The Herald: The late artist Alasdair Gray. Picture: Colin Mearns/The HeraldThe late artist Alasdair Gray. Picture: Colin Mearns/The Herald

Grimoire by Robin Robertson

Picador, £14.99

Magic and malign forces weave eerily through this slim volume of "New Scottish Folk Tales" by the distinguished poet, whose 2018 verse-novel, The Long Take, was Booker-shortlisted. Here, he deploys Scots, Gaelic and English, distilling the spirit of vanished peoples who spoke freely of the selkies, changelings and shapeshifters that populate these beautiful poems. Evocatively illustrated by the author's brother, Tim Robertson, Grimoire is the perfect fireside companion for winter nights.


The Midnight Library by Matt Haig

Canongate, £16.99

An uplifting and poignant novel about parallel lives, overcoming regrets and finding hope that will stay with you long after you close its pages. The feel-good book of 2020.

Ghosts by Dolly Alderton

Fig Tree, £14.99

If Generation X had Bridget Jones and Carrie Bradshaw, then Nina Dean, the early-thirties protagonist in Ghosts, captures the essence of life for millennial women as they struggle to square the circle of dating, friendships, family life, careers and getting older.


Love In Colour by Bolu Babalola

Headline, £16.99

This spellbinding collection of short stories re-imagines folk tales from around the world – Nigerian legends to Greek myths – celebrating romance in its myriad forms.


Clanlands by Sam Heughan and Graham McTavish

Hodder & Stoughton, £20

Outlander stars Sam Heughan and Graham McTavish should be on commission from VisitScotland. This travelogue charts a colourful (and humorous) road trip through the Highlands – by campervan, boat, kayak, motorbikes and tandem bicycle – as the chalk-and-cheese duo explore majestic landscapes, history, poetry, music and warfare.

The Herald: Sam Heughan and Graham McTavish at Cawdor Castle during their Clanlands road trip. Picture: Peter SandgroundSam Heughan and Graham McTavish at Cawdor Castle during their Clanlands road trip. Picture: Peter Sandground


James Martin's Islands To Highlands: 80 Fantastic Recipes From Around The British Isles

Quadrille, £25

Those looking for fresh culinary inspiration after the long months of lockdown will enjoy this collection of recipes garnered from Skye to the Isles of Scilly. There is an eye-popping cornucopia of seafood in what James Martin dubs "Shetland's paella" and lip-smacking, 1920s-style duck and orange with duchess potatoes, a dish he rustled up in the galley kitchen of the Royal Scotsman with Nick Nairn.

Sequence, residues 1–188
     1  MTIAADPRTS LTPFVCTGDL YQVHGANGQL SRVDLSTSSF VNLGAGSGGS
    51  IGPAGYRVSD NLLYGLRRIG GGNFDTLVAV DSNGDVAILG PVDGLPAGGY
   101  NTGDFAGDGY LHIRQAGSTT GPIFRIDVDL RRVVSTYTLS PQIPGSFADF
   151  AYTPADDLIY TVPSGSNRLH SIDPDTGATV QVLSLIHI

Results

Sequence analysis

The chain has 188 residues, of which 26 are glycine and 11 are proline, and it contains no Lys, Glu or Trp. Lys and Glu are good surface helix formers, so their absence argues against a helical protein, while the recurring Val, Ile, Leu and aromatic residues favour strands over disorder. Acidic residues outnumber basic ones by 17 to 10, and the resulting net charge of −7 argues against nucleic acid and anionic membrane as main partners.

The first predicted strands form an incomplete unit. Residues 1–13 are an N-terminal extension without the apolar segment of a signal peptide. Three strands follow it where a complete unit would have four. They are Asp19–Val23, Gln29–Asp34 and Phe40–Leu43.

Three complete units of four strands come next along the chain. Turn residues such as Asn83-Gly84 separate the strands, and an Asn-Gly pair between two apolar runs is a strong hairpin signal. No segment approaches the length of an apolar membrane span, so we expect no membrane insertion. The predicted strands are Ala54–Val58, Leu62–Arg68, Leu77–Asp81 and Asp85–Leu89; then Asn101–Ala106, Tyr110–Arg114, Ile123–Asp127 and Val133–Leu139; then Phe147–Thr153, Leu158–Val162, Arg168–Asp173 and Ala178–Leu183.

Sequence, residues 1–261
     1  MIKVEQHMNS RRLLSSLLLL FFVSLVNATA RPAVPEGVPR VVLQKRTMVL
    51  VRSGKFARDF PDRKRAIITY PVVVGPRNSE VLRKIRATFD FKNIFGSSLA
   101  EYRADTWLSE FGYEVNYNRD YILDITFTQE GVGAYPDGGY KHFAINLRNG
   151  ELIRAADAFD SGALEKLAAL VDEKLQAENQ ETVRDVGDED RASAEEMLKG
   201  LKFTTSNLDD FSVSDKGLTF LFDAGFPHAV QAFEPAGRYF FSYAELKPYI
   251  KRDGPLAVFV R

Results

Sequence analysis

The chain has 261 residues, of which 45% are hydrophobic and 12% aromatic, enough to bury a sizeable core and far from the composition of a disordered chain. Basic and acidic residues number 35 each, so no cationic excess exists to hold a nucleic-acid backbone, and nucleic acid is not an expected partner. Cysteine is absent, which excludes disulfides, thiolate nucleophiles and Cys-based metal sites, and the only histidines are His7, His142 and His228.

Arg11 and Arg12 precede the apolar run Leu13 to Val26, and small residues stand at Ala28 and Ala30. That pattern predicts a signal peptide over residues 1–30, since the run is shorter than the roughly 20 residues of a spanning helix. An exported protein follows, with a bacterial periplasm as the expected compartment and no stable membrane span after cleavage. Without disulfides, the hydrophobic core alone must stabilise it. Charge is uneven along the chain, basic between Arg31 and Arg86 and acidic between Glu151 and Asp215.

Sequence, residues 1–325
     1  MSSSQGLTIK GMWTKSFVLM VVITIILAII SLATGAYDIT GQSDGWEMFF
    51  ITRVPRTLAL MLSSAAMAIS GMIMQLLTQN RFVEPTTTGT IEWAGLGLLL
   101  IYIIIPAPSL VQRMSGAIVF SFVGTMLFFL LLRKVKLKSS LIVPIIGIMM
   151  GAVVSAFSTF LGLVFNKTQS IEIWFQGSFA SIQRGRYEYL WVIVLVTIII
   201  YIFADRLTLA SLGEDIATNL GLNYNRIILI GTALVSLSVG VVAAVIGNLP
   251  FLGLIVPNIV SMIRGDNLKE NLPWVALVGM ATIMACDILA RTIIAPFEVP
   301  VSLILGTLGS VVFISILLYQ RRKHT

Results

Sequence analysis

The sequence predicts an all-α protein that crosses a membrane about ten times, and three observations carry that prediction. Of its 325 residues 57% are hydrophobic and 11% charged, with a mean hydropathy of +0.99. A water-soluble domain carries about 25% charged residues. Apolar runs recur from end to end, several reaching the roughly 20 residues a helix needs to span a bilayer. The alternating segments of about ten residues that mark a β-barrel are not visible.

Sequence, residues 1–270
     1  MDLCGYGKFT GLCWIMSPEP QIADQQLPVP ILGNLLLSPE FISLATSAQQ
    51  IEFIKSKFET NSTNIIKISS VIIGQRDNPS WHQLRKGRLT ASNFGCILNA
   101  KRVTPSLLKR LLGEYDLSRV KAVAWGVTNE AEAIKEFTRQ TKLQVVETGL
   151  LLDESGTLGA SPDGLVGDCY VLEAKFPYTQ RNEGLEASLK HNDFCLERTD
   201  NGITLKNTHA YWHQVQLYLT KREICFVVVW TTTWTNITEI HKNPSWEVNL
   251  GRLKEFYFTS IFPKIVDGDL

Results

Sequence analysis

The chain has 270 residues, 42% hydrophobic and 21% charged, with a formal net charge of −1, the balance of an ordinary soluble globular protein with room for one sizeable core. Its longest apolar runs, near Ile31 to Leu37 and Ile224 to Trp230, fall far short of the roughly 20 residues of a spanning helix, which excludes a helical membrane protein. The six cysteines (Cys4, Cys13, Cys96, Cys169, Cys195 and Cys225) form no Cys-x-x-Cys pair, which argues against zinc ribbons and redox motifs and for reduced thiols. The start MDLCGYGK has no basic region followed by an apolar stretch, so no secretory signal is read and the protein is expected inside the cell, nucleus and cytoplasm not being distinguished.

The Seafood Shack: Food & Tales From Ullapool by Kirsty Scobie and Fenella Renwick

Kitchen Press, £20

Each day, Kirsty Scobie and Fenella Renwick take whatever catch their fisherman friends bring them and rustle up mouth-watering fare that attracts locals and tourists alike to a tiny catering trailer in Ullapool. In this book, the duo shares their story and delectable recipes.

READ MORE: Outlander star Sam Heughan shares his favourite place in Scotland


A Life On Our Planet by David Attenborough

Ebury, £20

Sir David Attenborough reflects on his incredible career documenting the natural world, while laying bare the stark decline of the environment and loss of biodiversity he has observed first-hand.

A Brush With Birds by Richard Weatherly

Hardie Grant, £30

If you are anything like us, watching the birds in the garden is a favourite pastime. This gorgeous book allows the reader to spread their wings, sharing the artworks and remarkable life of painter Richard Weatherly, who has spent more than 50 years observing species around the world.


Between The Covers: On Sex, Socialising and Survival by Jilly Cooper

Bantam, £14.99

An amusing collection of essays and newspaper columns by the inimitable Jilly Cooper that delves into the doldrums of domesticity, from lamenting the tedium of endless socialising and dinner parties (remember those?) to ruminating on the perils of pet-sitting, middle age and being a second wife.

READ MORE: The 50 best books to give this Christmas (Part 2)


The Art of Tweed by Vixy Rae

Black & White, £14.99

A fascinating foray into the story of tweed – romance, nostalgia, style – by Edinburgh tailor Vixy Rae, tracing its history and heritage, from the looms of Scotland's last-surviving mills and artisan weavers on Harris, to its place in country estates, international catwalks and urban fashion design.

The Herald: Edinburgh tailor Vixy RaeEdinburgh tailor Vixy Rae

Resident Dog (Volume 2) by Nicole England

Hardie Grant, £30

As an architecture and interiors photographer, Nicole England knows better than most how a dog can make a house a home. This magnificent book captures the magic of these four-legged friends against a backdrop of stunning abodes.